Chances are, you’re noticing more, shall we say, “distinguished” folks at the gym. The older population is working out more often, and for good reason. They’re building strength, coordination, and balance for their golden years.
“Low-impact exercise with good resistance training helps keep those bones nice and strong, and increases cardiovascular and cognitive function as well,” says Gibney.
And don’t kid yourself. Some of those people can outpace fit Millenials.
“We’ve got a member who has had a double hip replacement and has taken almost 300 classes,” says Gibney. “There is an 82-year-old woman who works out with us who has eight children and 12 grandchildren. We ensure that everyone works out within their own means.”
Whether you hit the gym or exercise at home, you can try some of these trends to stay motivated. And the best part–you never have to wear purple sequined zebra print workout clothes. Unless of course, you’re into that.
Maybe you've heard this a jillion times: Core strengthening is vital if you want to avoid injury. But is it true? A new study doesn't conclusively say one way or the other, but it sure casts some doubt on the incredibly common assertion.
In the study, released in the journal Physical Therapy, 1,100 soldiers aged 18 to 35 were divided into two groups. One group used a core stabilization exercise program that lacked sit-ups, while the other used a traditional exercise program that included bent-knee sit-ups. The point was to compare how the two programs affected the rate of musculoskeletal injury.
Why the focus on sit-ups?
Despite longstanding tradition and the widespread popularity of sit-ups, it has been postulated that this exercise results in increased lumbar spine loading, potentially increasing the risks of injury and low back pain (LBP). Specifically, sit-ups produce large shear and compressive forces on intervertebral disks and across the lumbar spine. Increased muscle activation anteriorly results in both initial hyperextension and subsequent hyperflexion of the lumbar spine, contributing to large compressive forces during sit-ups.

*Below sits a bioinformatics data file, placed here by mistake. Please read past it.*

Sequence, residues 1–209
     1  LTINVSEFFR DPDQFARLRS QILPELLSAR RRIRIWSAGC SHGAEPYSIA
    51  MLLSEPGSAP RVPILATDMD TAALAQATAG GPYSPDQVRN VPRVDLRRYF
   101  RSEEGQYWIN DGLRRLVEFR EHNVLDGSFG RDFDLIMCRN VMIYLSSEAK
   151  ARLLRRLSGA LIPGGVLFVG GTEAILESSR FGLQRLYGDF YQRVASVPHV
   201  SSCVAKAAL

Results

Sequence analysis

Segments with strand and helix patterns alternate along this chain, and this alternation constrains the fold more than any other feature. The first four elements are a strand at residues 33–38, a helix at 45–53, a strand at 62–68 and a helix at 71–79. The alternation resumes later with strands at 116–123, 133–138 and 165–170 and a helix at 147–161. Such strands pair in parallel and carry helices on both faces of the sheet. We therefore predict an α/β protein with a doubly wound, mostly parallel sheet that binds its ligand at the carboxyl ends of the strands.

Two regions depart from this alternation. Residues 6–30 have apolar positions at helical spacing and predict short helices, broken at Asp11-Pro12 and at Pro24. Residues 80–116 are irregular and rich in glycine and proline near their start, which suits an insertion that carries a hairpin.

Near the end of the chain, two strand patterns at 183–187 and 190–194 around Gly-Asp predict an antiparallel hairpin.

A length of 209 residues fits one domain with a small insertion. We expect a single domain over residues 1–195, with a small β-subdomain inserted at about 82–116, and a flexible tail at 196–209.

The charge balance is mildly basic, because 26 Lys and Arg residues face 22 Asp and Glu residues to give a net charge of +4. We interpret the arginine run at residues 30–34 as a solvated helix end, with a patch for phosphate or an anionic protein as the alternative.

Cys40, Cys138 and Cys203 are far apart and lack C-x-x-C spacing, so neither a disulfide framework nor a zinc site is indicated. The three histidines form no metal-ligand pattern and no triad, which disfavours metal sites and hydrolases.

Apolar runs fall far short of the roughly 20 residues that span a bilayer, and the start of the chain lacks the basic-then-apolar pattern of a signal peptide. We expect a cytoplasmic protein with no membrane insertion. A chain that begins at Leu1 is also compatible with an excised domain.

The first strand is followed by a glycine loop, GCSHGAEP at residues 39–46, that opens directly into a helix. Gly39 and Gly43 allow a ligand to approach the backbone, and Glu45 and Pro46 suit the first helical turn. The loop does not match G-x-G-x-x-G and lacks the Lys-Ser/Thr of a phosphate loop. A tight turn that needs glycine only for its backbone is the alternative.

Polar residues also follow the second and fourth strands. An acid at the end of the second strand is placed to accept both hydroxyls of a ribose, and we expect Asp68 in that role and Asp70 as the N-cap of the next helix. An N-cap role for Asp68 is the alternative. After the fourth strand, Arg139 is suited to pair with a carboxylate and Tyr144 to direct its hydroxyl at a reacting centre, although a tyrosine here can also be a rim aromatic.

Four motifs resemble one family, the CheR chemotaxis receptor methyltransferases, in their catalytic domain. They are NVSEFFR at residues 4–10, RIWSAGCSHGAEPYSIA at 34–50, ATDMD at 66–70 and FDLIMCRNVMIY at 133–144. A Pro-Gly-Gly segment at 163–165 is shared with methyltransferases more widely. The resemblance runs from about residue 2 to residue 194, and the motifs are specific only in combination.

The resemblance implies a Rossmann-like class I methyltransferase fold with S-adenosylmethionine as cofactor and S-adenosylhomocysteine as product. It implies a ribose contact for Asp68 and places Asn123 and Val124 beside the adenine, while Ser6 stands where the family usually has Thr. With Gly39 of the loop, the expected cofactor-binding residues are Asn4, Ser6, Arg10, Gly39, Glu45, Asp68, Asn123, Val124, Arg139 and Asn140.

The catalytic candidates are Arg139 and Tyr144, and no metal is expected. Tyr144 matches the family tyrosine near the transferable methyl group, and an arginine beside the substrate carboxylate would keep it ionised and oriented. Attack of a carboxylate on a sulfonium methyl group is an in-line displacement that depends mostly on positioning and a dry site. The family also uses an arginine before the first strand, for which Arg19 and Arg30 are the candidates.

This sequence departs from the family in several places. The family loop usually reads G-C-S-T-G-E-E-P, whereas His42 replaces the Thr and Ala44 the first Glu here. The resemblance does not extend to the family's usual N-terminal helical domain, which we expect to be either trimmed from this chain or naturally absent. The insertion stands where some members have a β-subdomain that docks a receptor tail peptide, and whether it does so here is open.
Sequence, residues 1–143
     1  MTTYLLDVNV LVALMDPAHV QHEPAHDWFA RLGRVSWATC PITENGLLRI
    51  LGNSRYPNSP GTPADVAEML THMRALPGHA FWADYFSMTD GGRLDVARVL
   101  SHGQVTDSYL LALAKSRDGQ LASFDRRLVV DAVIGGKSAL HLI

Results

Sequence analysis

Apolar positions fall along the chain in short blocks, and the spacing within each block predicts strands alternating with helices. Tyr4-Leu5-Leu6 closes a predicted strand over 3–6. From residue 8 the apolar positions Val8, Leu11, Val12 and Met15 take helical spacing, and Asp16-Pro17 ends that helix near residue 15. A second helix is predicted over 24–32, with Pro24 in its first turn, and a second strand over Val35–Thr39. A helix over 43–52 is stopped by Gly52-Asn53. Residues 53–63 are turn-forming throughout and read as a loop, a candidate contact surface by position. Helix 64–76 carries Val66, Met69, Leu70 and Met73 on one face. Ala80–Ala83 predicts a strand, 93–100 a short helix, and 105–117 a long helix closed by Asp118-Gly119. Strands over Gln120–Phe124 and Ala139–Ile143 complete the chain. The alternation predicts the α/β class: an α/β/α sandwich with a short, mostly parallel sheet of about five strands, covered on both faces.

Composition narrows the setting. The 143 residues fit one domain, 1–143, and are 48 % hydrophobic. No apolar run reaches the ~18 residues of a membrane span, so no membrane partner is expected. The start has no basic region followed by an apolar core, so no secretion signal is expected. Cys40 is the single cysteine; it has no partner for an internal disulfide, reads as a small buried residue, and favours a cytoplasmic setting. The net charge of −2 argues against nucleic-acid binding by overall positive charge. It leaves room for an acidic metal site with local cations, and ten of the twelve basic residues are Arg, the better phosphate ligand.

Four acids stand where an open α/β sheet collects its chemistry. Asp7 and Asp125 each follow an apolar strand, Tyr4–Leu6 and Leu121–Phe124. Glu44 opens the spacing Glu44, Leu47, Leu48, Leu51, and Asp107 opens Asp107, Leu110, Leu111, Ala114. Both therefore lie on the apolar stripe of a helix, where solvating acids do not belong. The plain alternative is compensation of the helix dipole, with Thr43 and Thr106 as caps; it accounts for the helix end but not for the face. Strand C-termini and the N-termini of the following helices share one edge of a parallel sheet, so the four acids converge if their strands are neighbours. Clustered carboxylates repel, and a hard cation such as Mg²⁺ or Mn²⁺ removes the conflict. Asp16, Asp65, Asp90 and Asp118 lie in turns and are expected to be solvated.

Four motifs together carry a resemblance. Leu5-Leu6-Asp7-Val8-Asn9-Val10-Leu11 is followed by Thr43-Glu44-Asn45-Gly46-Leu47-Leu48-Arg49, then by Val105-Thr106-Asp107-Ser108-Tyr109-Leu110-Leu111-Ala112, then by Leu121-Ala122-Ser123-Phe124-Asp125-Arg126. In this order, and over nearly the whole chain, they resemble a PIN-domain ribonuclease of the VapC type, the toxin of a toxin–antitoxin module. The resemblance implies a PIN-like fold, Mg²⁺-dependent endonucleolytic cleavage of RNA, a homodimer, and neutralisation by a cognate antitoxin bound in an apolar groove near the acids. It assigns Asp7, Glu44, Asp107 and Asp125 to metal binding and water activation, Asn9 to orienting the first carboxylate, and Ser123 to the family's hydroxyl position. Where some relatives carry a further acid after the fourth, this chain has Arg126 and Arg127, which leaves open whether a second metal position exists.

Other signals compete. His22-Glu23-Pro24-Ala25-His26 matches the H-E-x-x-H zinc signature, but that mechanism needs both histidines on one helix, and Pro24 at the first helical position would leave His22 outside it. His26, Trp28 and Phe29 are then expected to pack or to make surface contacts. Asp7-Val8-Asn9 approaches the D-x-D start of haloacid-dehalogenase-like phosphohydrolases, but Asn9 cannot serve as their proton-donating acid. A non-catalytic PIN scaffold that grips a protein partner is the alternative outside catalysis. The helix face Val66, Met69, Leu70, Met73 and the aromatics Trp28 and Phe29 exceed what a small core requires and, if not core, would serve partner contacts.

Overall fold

Sit-ups have long been an important yardstick by which the US Army measures physical health. But if they're causing injuries, or failing to prevent injuries that core strengthening could prevent, that might need to change.
The results, though, didn't show any massive difference in injuries between the two groups. “There were no differences in the percentages of soldiers with musculoskeletal injuries. There also were no differences in the numbers of days of work restriction for musculoskeletal injuries overall or specific to the upper extremity.”
It’s worth nothing that the results for the two groups weren't identical. Soldiers who completed the traditional exercise program did have more days of work restriction than the other group if their injury was to the low back.
As much as we all like studies that conclusively prove broad truths, the reality is that what we “know” tends to advance in teensy increments. This study is one thread in a much larger tapestry. What it tells us, though, is that sit-ups might not be the bogeyman and core strengthening might not be quite the miracle each has been portrayed as—as usual, more studies are needed.
Via: Saveyourself.ca – check out the lively and informed discussion taking place on their Facebook page